A Sermon for Ascension Day
by R. D. Crouse
St. Peter’s Cathedral, Charlottetown, P.E.I., A.D. 1994
“Our conversation is in heaven.”
Our conversation is in heaven. “Let us exult, Beloved,
with joy of soul, and rejoicing with fitting praise in God’s presence, lift
up the now free eyes of the soul to that place where Christ abides. Let not
earthly things hold here the souls that are called above; let not perishable
things fill the hearts that are chosen for external things. Let no false
allurements hold back those who walk in the way of truth”. Thus St. Leo the
Great [Sermon 74] addressed a Christian congregation fifteen centuries ago,
celebrating the festival of Our Lord’s Ascension.
The Scriptures tell us that Jesus ascended to the
heavens, and the Church has always celebrated that event as one of its
greatest festivals. But what does it mean? To begin with, the Ascension of
Jesus is an historical event, witnessed to by those “men of Galilee” who
were left gazing up into the sky – no doubt greatly astonished – as a cloud
received the Risen Lord out of their sight. What a strange and bewildering
time that must have been for Jesus’ disciples. An historical event, no
doubt, but of a very strange and wonderful sort. What could it all mean?
The Gospel lessons for the last few Sundays after Easter
go a long way towards explaining it. They are taken, as you will recall,
from St. John’s account of Jesus’ Last Supper discourse, in which he
explains to the disciples that he must go away. “It is expedient for you
that I go away,” he tells them, “for if I go not away, the Comforter (the
Spirit) will not come to you. But if I depart, I will send him unto you.”
That is to say, only in the loss of his worldly presence could they come to
know his presence as Spirit.
St. Augustine, in one of his Ascensiontide sermons
[Sermon 264], explains it this way: “He is taken away from their bodily
eyes, and they no longer see him as man. What was in their hearts that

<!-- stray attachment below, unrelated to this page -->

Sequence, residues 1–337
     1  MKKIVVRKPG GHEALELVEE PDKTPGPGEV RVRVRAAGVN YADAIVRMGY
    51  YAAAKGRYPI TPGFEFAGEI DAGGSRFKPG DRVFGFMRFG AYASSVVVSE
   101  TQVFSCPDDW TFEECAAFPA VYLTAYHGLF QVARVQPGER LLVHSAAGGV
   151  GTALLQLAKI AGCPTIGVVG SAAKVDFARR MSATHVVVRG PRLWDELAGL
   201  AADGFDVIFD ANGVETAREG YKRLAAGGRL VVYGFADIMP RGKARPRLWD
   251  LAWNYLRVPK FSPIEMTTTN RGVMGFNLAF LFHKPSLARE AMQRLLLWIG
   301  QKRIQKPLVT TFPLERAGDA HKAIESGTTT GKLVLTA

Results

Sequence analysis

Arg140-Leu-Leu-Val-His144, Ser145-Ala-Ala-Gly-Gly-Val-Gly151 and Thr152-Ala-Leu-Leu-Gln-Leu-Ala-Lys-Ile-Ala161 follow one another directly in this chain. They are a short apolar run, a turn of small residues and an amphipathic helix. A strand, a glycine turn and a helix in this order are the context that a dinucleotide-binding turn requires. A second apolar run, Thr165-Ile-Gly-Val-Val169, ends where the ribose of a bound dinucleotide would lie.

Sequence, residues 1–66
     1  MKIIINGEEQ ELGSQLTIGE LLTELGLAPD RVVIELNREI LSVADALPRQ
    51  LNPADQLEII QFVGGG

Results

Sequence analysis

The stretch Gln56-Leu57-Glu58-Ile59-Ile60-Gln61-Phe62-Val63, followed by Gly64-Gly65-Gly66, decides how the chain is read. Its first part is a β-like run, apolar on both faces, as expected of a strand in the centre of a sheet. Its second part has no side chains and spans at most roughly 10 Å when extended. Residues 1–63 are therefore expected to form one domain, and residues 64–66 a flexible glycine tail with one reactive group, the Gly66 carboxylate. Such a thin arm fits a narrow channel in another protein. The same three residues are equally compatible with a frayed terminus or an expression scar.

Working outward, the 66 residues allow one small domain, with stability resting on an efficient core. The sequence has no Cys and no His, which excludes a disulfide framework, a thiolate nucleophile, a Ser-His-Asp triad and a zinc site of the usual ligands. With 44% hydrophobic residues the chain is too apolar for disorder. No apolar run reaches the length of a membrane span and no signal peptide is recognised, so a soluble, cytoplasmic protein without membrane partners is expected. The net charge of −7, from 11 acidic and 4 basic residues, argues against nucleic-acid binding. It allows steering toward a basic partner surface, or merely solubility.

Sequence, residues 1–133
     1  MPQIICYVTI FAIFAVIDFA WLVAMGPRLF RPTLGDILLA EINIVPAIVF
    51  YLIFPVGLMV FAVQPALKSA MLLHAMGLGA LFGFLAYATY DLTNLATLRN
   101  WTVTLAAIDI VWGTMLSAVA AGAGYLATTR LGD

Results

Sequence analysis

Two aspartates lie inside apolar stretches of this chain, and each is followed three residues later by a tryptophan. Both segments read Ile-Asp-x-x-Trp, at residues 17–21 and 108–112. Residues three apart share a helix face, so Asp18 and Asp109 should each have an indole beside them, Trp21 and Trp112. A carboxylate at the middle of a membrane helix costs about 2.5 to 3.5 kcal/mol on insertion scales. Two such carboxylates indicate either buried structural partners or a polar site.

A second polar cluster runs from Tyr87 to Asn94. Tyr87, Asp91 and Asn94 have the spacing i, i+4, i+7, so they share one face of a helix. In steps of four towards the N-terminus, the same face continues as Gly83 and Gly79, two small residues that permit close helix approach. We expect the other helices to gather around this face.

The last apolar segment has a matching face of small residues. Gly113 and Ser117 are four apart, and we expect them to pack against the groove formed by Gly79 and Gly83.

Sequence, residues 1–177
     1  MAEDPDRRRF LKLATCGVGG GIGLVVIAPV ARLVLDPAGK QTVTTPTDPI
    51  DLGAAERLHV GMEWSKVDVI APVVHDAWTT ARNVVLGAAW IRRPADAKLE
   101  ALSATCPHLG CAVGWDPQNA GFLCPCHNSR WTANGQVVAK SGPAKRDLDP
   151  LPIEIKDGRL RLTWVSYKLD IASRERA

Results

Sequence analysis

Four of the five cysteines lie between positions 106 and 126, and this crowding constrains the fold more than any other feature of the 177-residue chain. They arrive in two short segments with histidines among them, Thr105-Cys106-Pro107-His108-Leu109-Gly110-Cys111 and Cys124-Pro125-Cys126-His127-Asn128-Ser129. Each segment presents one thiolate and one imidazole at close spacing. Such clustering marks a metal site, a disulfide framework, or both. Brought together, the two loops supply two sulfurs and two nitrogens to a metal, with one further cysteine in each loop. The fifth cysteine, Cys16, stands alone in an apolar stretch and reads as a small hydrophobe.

arose from natural affections is now as it were mourned within them…When ten
days had passed he would send the Holy Spirit, to fill them with spiritual
love; taking away their earthly affection…They could not be filled with
spiritual understanding unless the object of their earthly love should go
from before their eyes.” All this grief, all the bewilderment, would be as
pains of travail, as new spiritual life came to birth in them. “That which
is born of the flesh is flesh,” Jesus told Nicodemus, “and that which is
born of the spirit is spirit. Marvel not that I said unto thee, Ye must be
The Ascension is all about that spiritual birth. Jesus
takes humanity – his humanity and ours – and transforms it, elevates it,
endows it with new spiritual life. As an ancient hymn puts it:
Yea, angels tremble when they see
How changed is our humanity;
That flesh hath purged what flesh had
And God, the Flesh of God, hath reigned.
The Ascension of Christ proclaims and celebrates our
spiritual destiny as sons of God by adoption and grace. We are born of the
Spirit, and therefore we are spirit; and spirit cannot ultimately be
bound by worldly ends and earthly limitations. By the comfort – the
strengthening, transforming power – of the Holy Spirit of God, we are to be
exalted “unto the same place whither our Saviour Christ is gone before”.
“Our conversation is in heaven”.
“Our conversation is in heaven,” and in the Church’s
liturgy, we find ourselves engaged in precisely that conversation, “with
angels and archangels and all the company of heaven”. Here, in liturgy, all
the arts conspire to solicit mind and heart, to wean the soul from
worldliness. A door is opened into heaven.
In a secular age, and in an increasingly secularized
Church, such a liturgy as this perhaps seems anomalous, perhaps even an act
of defiance. Well, so be it, and so it should be. This festival defies all
our futile worldliness. Thank God for it. The Feast of the Ascension
affirms, and our liturgy today affirms a destiny and a spiritual calling
which can rest in nothing short of the infinite goodness and the truth and
beauty which is the very life of God. We find ourselves on the threshold.
Life up your hearts! Habemus ad dominum. “Our conversation is in
heaven, whence also we look for the Saviour, the Lord Jesus Christ: who
shall change our vile body, that it may be fashioned like unto his glorious
body, according to the working whereby he is able even to subdue all things
The morning shall awaken,
The shadows shall decay.
And each true-hearted servant
Shall shine as doth the day.
Then all the halls of Sion
For ay shall be complete,
And, in the Land of Beauty,
All things of beauty meet.